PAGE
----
In a little known film set in Istanbul spanning the last century, Turkish seasonings play an important role. In Turkey herbs and spices represent the continuity of history as well as the diversity within cultures. After interviewing my baharatçı, my spice seller Ayhan Baloğlu, I can see why. Born in Gaziantep on the hot dusty plains of south eastern Turkey, young Ayhan came to Istanbul in 1985. He started his apprenticeship in the wholesale district of Eminönü in 1990, learning the craft directly from his master in the traditional way. Over time he went from uncertainly following orders to fill bags with herbs and spices while listening intently to the information that came with them, to himself instructing his apprentice on which balms to recommend for what ailment. From day one Ayhan supplemented his knowledge by studying independently. He opened his own retail shop on the Asian side of Istanbul in Kadıköy in 2002. Called Baloğlu, literally meaning ‘son of honey’, it is tucked away on bustling Güneşlibahçe Sokak, better known as Fish Street. From his brightly lit and well laid out store Ayhan dispenses herbs and advice in equal measure.
We began our interview sitting on low stools at the back of the shop. Slowly stirring sugar into my tea I asked him to name the ten bestselling herbs and spices. Without hesitation he listed “black pepper, ginger, cinnamon, turmeric, pine nuts for stuffed vegetables, dried red pepper flakes, white pepper, flax seeds, black cumin and thyme”. He explained that most Turks wouldn’t have all these things in their kitchen at the same time but said, “Without a doubt you’ll find black pepper, dried red pepper flakes, the herbs and spices used for making plain tomato paste or the hot and spicy variety, as well as cinnamon, ginger, turmeric and black cumin seeds”.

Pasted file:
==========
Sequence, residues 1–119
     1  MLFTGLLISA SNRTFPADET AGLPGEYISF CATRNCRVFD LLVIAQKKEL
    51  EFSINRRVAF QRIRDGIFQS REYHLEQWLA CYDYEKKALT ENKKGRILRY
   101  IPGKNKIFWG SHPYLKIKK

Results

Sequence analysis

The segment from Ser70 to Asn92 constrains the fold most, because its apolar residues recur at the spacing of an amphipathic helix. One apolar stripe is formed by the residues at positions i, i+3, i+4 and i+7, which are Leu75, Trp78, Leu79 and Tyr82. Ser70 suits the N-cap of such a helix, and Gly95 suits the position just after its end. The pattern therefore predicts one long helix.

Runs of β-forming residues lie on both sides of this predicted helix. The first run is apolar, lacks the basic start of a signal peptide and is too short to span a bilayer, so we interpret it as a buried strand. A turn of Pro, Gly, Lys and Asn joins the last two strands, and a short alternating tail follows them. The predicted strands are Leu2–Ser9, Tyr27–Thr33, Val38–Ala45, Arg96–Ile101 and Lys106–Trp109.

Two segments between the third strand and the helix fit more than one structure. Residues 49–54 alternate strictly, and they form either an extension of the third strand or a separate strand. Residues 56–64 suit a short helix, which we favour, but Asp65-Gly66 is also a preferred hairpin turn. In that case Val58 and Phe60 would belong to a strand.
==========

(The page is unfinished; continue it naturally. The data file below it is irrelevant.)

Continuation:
At first glance Turkish kitchens appear to offer far fewer choices of cuisine than mine. I’m from Australia and our diet is influenced by a multicultural population. It’s not unusual to have Thai one night and Middle Eastern the next. I have to confess though, this isn’t because I’m such an enthusiastic cook. My husband is the one always trying out new recipes and taste sensations. My job is to go out and gather the ingredients. Kim loves to make curry from scratch and I remember being frustrated when I couldn’t locate any turmeric in our early days in Turkey. All I could find were packets of ready-made curry powder in the supermarket that lacked the bite we prefer. Of course, over time I learnt I should be looking for the ingredients in a baharatçı, the Turkish word meaning both the name of the place selling herbs and spices, as well as the person selling them. Even though I knew I could find a wide variety of spices in his shop, I was really surprised to hear Ayhan mention turmeric, because none of my Turkish friends use it. When he told me it was mainly found in a few desserts and even then only to provide colour, I understood why I’d thought the Turkish kitchen limited.
You can read the complete version of “A Touch of Spice” in my collection of essays called Inside Out In Istanbul: Making Sense of the City.
Ayhan is a font of knowledge about herbs and health. Do yourself a favour and visit his shop next time you’re in Kadıköy. Like many Turks, Ayhan understands more English than he can speak, but he is always happy to help.
This piece first appeared in Lale, Magazine of the International Women of Istanbul, 05, May, 2014
If what you’ve read has tempted you to try some Turkish cooking, I can highly recommend Classic Turkish Cooking by Ghillie Başan or the equally delicious Sultan’s Kitchen: A Turkish Cookbook by Özcan Ozen.